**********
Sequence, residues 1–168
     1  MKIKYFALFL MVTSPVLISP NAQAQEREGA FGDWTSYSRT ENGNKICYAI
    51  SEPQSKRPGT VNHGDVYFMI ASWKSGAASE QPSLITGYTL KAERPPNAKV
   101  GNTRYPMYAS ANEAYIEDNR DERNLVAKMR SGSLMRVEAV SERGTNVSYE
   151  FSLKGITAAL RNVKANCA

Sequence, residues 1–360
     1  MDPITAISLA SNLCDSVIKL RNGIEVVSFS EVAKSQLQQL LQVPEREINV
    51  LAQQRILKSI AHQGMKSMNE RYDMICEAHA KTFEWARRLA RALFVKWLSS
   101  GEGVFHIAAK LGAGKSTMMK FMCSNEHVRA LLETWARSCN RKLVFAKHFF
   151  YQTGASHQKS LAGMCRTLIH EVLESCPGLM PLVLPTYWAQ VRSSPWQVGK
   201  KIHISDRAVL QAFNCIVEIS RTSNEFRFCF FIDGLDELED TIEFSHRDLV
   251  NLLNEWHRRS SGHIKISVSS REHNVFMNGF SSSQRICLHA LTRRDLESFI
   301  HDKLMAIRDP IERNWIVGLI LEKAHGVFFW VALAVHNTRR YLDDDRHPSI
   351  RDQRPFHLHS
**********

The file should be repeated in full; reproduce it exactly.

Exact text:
Sequence, residues 1–168
     1  MKIKYFALFL MVTSPVLISP NAQAQEREGA FGDWTSYSRT ENGNKICYAI
    51  SEPQSKRPGT VNHGDVYFMI ASWKSGAASE QPSLITGYTL KAERPPNAKV
   101  GNTRYPMYAS ANEAYIEDNR DERNLVAKMR SGSLMRVEAV SERGTNVSYE
   151  FSLKGITAAL RNVKANCA

Sequence, residues 1–360
     1  MDPITAISLA SNLCDSVIKL RNGIEVVSFS EVAKSQLQQL LQVPEREINV
    51  LAQQRILKSI AHQGMKSMNE RYDMICEAHA KTFEWARRLA RALFVKWLSS
   101  GEGVFHIAAK LGAGKSTMMK FMCSNEHVRA LLETWARSCN RKLVFAKHFF
   151  YQTGASHQKS LAGMCRTLIH EVLESCPGLM PLVLPTYWAQ VRSSPWQVGK
   201  KIHISDRAVL QAFNCIVEIS RTSNEFRFCF FIDGLDELED TIEFSHRDLV
   251  NLLNEWHRRS SGHIKISVSS REHNVFMNGF SSSQRICLHA LTRRDLESFI
   301  HDKLMAIRDP IERNWIVGLI LEKAHGVFFW VALAVHNTRR YLDDDRHPSI
   351  RDQRPFHLHS